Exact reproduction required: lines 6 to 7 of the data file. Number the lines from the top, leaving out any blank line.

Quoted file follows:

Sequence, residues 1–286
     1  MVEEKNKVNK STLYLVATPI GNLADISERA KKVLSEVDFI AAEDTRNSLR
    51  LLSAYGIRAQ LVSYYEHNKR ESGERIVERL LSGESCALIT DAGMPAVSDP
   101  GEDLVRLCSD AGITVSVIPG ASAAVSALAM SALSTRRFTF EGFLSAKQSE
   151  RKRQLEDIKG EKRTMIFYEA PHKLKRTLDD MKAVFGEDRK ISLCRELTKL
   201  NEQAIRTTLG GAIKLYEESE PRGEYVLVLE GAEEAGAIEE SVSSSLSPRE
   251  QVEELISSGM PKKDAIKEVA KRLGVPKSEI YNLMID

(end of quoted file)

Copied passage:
   201  NEQAIRTTLG GAIKLYEESE PRGEYVLVLE GAEEAGAIEE SVSSSLSPRE
   251  QVEELISSGM PKKDAIKEVA KRLGVPKSEI YNLMID